The kidnapping that shook America

In early 1974, the United States was in turmoil. Richard Nixon was about to be impeached, the Vietnam War was still grinding on, the OPEC Oil Embargo was underway, and an average of 2,000 bombs had been exploded in the country in each of the three preceding years. Then, on February 4, a 19-year-old woman bearing one of the most famous names in the country was kidnapped in Berkeley. Her grandfather was the press lord William Randolph Hearst, a towering figure in the late nineteenth and early twentieth centuries. Patty Hearst, or Patricia as she strongly preferred, was a junior at UC Berkeley. Patricia’s story is brilliantly chronicled in American Heiress by Jeffrey Toobin.

The sensational kidnapping of Patty Hearst

Only the kidnapping of Charles Lindbergh, Jr. could match the sensationalism of Patty Hearst’s seizure from her apartment. Now, more than forty years later, the Hearst kidnapping quickly headlined news stories around the country. It was not just that Patricia’s name was famous. The kidnappers were an unknown and mysterious revolutionary band calling themselves the Symbionese Liberation Army. They were the same people who three months earlier had assassinated the universally popular superintendent of Oakland schools, Marcus Foster.

Though the SLA pretended to be a nationwide revolutionary force, they were in reality a group of misguided young white people. An addled African-American escaped convict named Donald DeFreeze lorded over them. The SLA never numbered more than a dozen people at its peak. The group gloated over the kidnapping in a long-winded, jargon-filled “communique” read three days after the event on Berkeley’s public radio station, KPFA. There was no demand for ransom.

From one sensation to another

The jockeying between DeFreeze and Patricia’s parents captivated the country for months. Then the sensationalism escalated when the SLA released a photo of Patricia holding a machine gun against the background of an SLA flag. Shortly afterward, she carried a gun in an armed robbery of a San Francisco bank. Photos again reached the public. In another jargon-filled communique that followed the robbery, Patricia pronounced herself to be a revolutionary and a member of the SLA. She denounced her parents.

As Toobin notes, “Despite the rhetoric of the communiques, the SLA was not a vehicle for social or political change; it was a spectacle, an instrument for getting attention for its own sake.” The group’s ideology consisted of confusing rhetoric, mostly delivered off the cuff by DeFreeze and translated into revolutionary jargon by two of the young women who were closest to him.

The hunt for Patricia Hearst

Six of Patricia’s fellow revolutionaries were hiding in plain sight in Los Angeles when the LAPD found them. “The biggest police gun battle ever to take place on American soil [began], and it was on live television.” In fact, as Toobin points out, the siege of the SLA safe house represented the first time a Minicam was ever deployed to enable live television outside the station. Millions viewed the siege. All six revolutionaries were killed either by police bullets or in the conflagration that ensued; the police used fragmentation grenades. Not a single LAPD officer was killed. But Patricia and two other SLA members were missing.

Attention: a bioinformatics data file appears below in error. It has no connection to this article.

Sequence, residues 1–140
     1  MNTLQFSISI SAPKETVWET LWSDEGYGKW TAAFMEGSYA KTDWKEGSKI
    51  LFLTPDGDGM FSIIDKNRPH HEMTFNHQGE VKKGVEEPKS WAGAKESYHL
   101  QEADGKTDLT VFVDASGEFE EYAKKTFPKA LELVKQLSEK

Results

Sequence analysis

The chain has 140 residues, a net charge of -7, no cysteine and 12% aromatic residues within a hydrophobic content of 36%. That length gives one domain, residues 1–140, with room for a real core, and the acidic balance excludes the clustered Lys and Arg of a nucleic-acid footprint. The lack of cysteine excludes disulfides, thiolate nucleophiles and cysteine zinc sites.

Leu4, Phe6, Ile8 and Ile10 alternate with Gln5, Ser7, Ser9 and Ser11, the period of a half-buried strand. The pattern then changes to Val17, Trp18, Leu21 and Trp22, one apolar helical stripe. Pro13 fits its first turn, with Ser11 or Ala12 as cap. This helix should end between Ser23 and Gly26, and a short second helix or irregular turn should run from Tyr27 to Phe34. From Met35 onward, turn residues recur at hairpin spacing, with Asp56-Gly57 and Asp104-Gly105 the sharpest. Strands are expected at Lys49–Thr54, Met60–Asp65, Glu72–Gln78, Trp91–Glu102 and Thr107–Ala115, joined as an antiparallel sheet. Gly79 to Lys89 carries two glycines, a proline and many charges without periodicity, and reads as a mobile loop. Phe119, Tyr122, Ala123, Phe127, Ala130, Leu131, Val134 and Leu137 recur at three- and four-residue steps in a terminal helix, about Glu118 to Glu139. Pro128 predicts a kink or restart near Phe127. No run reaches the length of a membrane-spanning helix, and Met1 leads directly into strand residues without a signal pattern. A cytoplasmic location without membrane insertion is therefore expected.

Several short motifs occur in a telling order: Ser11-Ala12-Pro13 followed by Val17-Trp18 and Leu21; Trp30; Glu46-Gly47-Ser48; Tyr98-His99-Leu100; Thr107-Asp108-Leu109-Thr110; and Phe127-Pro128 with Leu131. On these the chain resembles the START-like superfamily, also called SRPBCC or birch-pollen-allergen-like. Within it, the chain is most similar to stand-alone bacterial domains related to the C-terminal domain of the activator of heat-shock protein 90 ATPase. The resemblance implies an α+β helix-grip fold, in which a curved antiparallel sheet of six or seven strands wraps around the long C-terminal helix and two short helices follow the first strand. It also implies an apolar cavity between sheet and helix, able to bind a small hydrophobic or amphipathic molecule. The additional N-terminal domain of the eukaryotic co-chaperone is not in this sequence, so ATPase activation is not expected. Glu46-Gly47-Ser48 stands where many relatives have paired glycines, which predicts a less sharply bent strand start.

The search for Patricia went on for 19 months, embarrassing the FBI. She was charged with bank robbery. When much later she went to trial, her defense was bungled, first by San Francisco lawyer Patrick Hallinan and later by the country’s leading defense attorney, F. Lee Bailey. She was later convicted of bank robbery and sentenced to seven years in prison. Twenty-two months later, her sentence was commuted by Jimmy Carter. Twenty-three years after that, Bill Clinton issued a presidential pardon. As Toobin notes, “Rarely have the benefits of wealth, power, and renown been as clear as they were in the aftermath of Patricia’s conviction.”

An exhaustively researched moment in history

Toobin did an extraordinarily good job of researching his subject. He gained access to enormous numbers of documents housed all over the country, including a stash of 150 boxes’ full that had never before come to light. He also interviewed more than 100 people connected to the case. His portraits of the SLA members are intimate and for the most part sympathetic. He also ably follows the twists and turns in Patricia’s turbulent life in fascinating detail. It’s hard to imagine that any subsequent book about the kidnapping could do a better job. It’s also difficult to imagine a more convoluted story. It reads like a novel of suspense. Toobin is a gifted writer.

About the author

Since 1993, Jeffrey Toobin has been a staff writer for The New Yorker. He is also a legal analyst for CNN. An attorney, he is the author of eight books. His portrait of the US Supreme Court, The Nine, won several major awards and was a New York Times bestseller.

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